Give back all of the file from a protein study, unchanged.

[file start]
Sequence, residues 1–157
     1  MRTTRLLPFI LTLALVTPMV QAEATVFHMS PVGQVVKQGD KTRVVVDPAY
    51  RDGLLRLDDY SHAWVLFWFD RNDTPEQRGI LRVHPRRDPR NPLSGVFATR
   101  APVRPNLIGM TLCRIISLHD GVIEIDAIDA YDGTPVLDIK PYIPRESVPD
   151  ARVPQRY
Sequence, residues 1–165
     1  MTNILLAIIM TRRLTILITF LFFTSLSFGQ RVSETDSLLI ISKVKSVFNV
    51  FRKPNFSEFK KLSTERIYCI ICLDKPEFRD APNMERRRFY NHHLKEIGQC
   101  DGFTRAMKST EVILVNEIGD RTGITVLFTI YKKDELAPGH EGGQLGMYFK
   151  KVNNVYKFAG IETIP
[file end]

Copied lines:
Sequence, residues 1–157
     1  MRTTRLLPFI LTLALVTPMV QAEATVFHMS PVGQVVKQGD KTRVVVDPAY
    51  RDGLLRLDDY SHAWVLFWFD RNDTPEQRGI LRVHPRRDPR NPLSGVFATR
   101  APVRPNLIGM TLCRIISLHD GVIEIDAIDA YDGTPVLDIK PYIPRESVPD
   151  ARVPQRY
Sequence, residues 1–165
     1  MTNILLAIIM TRRLTILITF LFFTSLSFGQ RVSETDSLLI ISKVKSVFNV
    51  FRKPNFSEFK KLSTERIYCI ICLDKPEFRD APNMERRRFY NHHLKEIGQC
   101  DGFTRAMKST EVILVNEIGD RTGITVLFTI YKKDELAPGH EGGQLGMYFK
   151  KVNNVYKFAG IETIP